Water used to be simple. Vital and natural, like the air we breathe. Our choices were from the tap or a bottle, bubbles or not. As something that always just was, water seems an unlikely product to have become a hot trend. Yet it has exploded into a multi billion-dollar industry over the past three decades.
Obviously, water is good for us — after all, we can’t survive without it. But in recent years, we’ve seen a wave of water products marketed as enhanced or more beneficial than the (merely life supporting) water we’ve always consumed. And certainly, a lot of that is in response to pollution and reports of tainted water supplies. There’s no denying that clean water is best. But what about all the other claims? Is water healthier if it has added vitamins and minerals? Does sparkling water ruin teeth? Can water make me run faster? And is coconut water really water?
Some of the more exotic designer waters come from Norway, France, Fiji, and below the surface of the ocean in Hawaii. Designerin the truest sense of the word, some come packaged in artist-inspired bottles, adorned with crystals and corked champagne-style in limited-edition bottles. There is even water bottled in 23 karat gold, priced in the tens of thousands of dollars. That makes even the five dollar every-day designer waters seem quite reasonable. But what does an artistic element really mean in terms of water and our bodies?
Most of us aren’t looking for bling in our water or in its packaging. We need water to live – about 60% of our body is water. If we examine bottled water for health benefits, well, extra health benefits, then we need to think about what is being added to bottled water. Does it create water that multi-tasks? A popular choice right now is water with added vitamins and minerals. They come in every flavor and color.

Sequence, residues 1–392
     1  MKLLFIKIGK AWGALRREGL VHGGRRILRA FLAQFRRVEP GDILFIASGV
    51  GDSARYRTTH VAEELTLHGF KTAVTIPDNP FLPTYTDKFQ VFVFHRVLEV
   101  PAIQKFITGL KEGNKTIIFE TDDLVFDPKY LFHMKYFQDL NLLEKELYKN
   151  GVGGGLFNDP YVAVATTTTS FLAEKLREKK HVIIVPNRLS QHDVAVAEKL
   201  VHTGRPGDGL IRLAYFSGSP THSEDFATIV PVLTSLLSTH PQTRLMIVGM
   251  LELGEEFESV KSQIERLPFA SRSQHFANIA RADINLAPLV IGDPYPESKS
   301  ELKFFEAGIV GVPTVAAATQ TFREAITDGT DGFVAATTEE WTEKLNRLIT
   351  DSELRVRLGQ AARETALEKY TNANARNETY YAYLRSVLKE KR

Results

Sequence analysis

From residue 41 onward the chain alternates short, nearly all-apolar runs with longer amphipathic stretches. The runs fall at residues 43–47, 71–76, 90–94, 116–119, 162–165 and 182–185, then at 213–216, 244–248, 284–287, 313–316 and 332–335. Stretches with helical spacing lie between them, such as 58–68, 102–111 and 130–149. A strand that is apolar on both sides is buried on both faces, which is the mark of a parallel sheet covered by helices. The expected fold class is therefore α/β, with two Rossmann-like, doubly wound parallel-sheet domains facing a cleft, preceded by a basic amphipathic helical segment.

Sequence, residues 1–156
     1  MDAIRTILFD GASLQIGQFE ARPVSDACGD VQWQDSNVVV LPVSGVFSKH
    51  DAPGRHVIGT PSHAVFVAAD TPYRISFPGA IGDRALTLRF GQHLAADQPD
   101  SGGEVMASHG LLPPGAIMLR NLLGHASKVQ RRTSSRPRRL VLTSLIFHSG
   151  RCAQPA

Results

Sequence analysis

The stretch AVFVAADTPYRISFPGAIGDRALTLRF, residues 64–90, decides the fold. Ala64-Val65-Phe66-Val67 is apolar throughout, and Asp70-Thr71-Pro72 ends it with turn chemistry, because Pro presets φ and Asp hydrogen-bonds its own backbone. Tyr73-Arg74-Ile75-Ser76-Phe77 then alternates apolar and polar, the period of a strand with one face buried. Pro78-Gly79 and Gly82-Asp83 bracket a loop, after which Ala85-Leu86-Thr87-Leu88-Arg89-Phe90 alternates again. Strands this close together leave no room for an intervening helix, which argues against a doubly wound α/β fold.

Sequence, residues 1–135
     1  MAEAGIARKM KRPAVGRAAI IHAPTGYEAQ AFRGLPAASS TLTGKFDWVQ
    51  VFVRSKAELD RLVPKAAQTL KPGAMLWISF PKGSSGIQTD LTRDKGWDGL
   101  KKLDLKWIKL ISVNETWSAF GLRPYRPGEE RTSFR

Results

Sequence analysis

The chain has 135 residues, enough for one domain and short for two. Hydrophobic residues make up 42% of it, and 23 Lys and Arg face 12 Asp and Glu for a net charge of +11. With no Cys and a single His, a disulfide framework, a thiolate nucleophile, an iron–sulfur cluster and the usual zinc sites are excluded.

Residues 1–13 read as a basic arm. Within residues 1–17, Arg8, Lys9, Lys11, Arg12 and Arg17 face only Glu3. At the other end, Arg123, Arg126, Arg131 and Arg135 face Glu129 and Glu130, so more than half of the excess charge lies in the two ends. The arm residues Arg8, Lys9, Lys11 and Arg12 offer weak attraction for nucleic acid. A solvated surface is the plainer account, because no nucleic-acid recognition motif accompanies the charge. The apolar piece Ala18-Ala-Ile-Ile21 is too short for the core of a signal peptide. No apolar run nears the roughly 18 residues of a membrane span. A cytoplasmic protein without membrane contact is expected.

The good news is that, unless your water has been distilled, it already contains minerals from its journey through the earth where it was sourced. Those natural minerals, and minerals added when bottling, are often what give bottled waters their signature flavors. While the amounts in a bottle of water are small, they are beneficial.
So do you also benefit from adding vitamins? Actually, there isn’t much evidence to support it. The vitamins added to bottled waters are rarely vitamins that people actually need. And most of us get what we need from our diets. Many drinks don’t contain enough to be beneficial anyway, while others have up to three times the recommended amount. But most important to note is that the biggest problem with vitamin waters, is that they tend to be very high in sugar. One popular brand contains nearly as much sugar and nearly as many calories as a typical soda pop. While vitamins in water sound like a great idea, you’re better off getting yours from their natural food sources.
Ok, sparkling water is bubbly because it’s water that is infused with carbon dioxide gas. Mix water with carbon dioxide gas and you get a slightly acidic beverage. And that’s why some think it damages tooth enamel and lowers bone mineral density. But that hasn’t stopped sparkling water from becoming insanely popular recently with new brands constantly vying for market share. In fact, studies have shown it is only slightly more damaging to teeth than water and has no effect on bone mineral density. With no sugar or artificial sweeteners, and no calories, sparkling water is a good choice if you need the extra sparkle to enjoy water.
Some newer designer waters in the fitness arena are hydrogen infused, alkaline, and extra oxygenated water, all supposed to increase energy, and bring other performance benefits. There is no doubt that all will hydrate you, but evidence of other benefits seems inconclusive so far. Electrolytes in water, on the other hand, have a proven history of helping to prevent dehydration and replenish what your body loses through sweat. An electrolyte-enhanced water might be a good choice if you’re likely to sweat a lot or overheat.
Sorry, not technically “water”. But it certainly is good. Some athletes recommend coconut water instead of sports drinks when working out. It has natural sugar for energy, and electrolytes. Also more potassium and fewer calories than sports drinks. And it’s all natural. So, while coconut water isn’t actually water, any more than nut milk is actually milk, it is a very good, natural alternative to sports drinks.